U.S. Markets closed

Sanofi Smear Campaign to Limit Plavix Competition

Ed Silverman

File this under 'Why didn't they know any better?' Four years ago, Sanofi (SNY) grew worried that a generic version of its best-selling Plavix blood thinner would gain attention from physicians and pharmacies in France. So the drugmaker embarked on an aggressive effort to dissuade these folks from showing any interest in the forthcoming competition. Sanofi, however, appears to have gone a bit too far, at least according to the Competition Authority, which has just issued a $52.7 million fine for a smear campaign that essentially denigrated generics.

How so? Sanofi reps made remarks not only casting doubt on the safety and efficacy of generic forms of Plavix "without relying on any proven fact," but also raised questions about potential liability that physicians and pharmacies may encounter if patients developed medical problems after using a generic. The Competition Authority included comments from physicians and pharmacists, in fact, to illustrate the extent to which Sanofi tried to convince them to stick with Plavix. The drugmaker "terrorized doctors" and "pharmacists cannot be fooled" by the tactics that were used, according to a translation.

The drugmaker, meanwhile, pushed its own generic version, which was called Clopidogrel Winthrop at the time and succeeded in establishing a market share of more than 34 percent in the generic clopidogrel market, a share of about four times greater than what Sanofi usually holds in the French generics market, according to the Competition Authority. And In 2008, France’s national health system paid 625 million euros for the drug, which was the most spent on any pharmaceutical. By 2010, generic Plavix represented 65 percent of the target market, instead of the 75 percent expected.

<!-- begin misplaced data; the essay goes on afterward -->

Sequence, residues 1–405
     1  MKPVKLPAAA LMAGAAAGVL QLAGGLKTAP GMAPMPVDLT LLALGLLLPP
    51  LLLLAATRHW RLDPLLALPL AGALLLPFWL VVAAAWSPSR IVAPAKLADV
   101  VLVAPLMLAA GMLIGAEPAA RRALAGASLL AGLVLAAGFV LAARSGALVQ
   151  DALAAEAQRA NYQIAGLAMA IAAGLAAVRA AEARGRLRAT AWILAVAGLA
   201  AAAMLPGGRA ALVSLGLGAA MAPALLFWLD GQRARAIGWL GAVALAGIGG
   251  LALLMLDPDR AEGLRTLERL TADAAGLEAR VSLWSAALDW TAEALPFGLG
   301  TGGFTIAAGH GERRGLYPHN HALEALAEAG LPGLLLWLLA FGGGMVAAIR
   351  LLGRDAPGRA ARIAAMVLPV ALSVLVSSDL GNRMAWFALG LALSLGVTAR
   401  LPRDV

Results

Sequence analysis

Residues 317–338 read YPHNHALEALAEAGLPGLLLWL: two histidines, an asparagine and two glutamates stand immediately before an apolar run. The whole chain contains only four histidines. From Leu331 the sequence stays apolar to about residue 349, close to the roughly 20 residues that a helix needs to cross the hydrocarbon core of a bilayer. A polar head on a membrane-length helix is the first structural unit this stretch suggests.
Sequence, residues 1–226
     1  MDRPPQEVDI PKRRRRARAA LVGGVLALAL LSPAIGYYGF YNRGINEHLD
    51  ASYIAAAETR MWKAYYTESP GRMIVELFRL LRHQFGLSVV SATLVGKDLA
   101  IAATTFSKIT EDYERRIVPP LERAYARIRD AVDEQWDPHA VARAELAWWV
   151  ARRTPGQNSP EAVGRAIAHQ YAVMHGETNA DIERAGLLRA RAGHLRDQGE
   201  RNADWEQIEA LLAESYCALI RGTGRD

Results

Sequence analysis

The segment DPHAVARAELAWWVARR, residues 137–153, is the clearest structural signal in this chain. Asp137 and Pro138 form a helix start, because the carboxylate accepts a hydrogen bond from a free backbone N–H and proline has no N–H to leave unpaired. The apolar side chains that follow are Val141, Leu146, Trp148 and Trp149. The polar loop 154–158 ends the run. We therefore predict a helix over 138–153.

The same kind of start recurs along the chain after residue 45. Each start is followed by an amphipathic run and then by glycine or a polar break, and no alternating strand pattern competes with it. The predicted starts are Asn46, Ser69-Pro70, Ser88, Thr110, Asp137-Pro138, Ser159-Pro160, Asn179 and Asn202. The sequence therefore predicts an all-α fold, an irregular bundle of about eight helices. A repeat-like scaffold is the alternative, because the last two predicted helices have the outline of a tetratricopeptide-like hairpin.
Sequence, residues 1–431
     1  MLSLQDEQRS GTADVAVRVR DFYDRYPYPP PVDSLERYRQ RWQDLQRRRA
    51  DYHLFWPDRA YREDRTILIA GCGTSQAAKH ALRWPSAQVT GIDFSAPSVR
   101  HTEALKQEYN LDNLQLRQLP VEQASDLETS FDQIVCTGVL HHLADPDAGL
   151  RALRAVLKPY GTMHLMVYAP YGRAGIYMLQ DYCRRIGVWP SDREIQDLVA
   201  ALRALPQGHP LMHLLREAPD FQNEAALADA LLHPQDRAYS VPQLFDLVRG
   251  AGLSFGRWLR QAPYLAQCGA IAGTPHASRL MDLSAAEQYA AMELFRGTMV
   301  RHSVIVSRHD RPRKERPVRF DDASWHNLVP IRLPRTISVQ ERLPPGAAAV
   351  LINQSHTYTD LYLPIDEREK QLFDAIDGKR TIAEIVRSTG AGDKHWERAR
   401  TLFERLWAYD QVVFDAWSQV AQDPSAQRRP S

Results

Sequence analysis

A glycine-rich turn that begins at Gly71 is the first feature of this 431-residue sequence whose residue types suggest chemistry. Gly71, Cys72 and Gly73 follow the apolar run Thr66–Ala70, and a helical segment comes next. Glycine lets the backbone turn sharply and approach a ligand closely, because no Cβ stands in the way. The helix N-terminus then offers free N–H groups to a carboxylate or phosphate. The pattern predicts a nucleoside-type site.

Sanofi, like other big pharma companies, has had a hard time of late generating revenue growth due to expiring patents on existing drugs and a failure by company labs to develop enough new medicines.

SNY Revenue TTM Chart

Teva (TEVA), a generics maker, complained to the Competition Authority.

To read the remainder of this article, go to Pharmalot.

Ed Silverman, a contributing editor of YCharts, is the founder and editor of Pharmalot. He previously reported on the pharmaceutical industry and other business topics for the Star-Ledger of New Jersey, New York Newsday and Investor’s Business Daily. He can be reached at editor@ycharts.com.

More From YCharts